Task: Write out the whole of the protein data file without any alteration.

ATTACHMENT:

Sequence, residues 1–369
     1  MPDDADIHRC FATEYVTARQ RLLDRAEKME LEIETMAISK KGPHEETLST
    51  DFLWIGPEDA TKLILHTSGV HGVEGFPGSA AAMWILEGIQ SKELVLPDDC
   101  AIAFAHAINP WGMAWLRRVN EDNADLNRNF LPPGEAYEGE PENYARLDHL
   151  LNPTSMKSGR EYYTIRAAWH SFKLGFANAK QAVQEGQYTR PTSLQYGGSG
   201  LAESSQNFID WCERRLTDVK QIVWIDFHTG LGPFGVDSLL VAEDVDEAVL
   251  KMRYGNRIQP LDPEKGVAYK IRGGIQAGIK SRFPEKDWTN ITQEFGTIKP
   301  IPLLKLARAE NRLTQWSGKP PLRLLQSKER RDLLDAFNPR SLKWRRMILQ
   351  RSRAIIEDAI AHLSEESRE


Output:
Sequence, residues 1–369
     1  MPDDADIHRC FATEYVTARQ RLLDRAEKME LEIETMAISK KGPHEETLST
    51  DFLWIGPEDA TKLILHTSGV HGVEGFPGSA AAMWILEGIQ SKELVLPDDC
   101  AIAFAHAINP WGMAWLRRVN EDNADLNRNF LPPGEAYEGE PENYARLDHL
   151  LNPTSMKSGR EYYTIRAAWH SFKLGFANAK QAVQEGQYTR PTSLQYGGSG
   201  LAESSQNFID WCERRLTDVK QIVWIDFHTG LGPFGVDSLL VAEDVDEAVL
   251  KMRYGNRIQP LDPEKGVAYK IRGGIQAGIK SRFPEKDWTN ITQEFGTIKP
   301  IPLLKLARAE NRLTQWSGKP PLRLLQSKER RDLLDAFNPR SLKWRRMILQ
   351  RSRAIIEDAI AHLSEESRE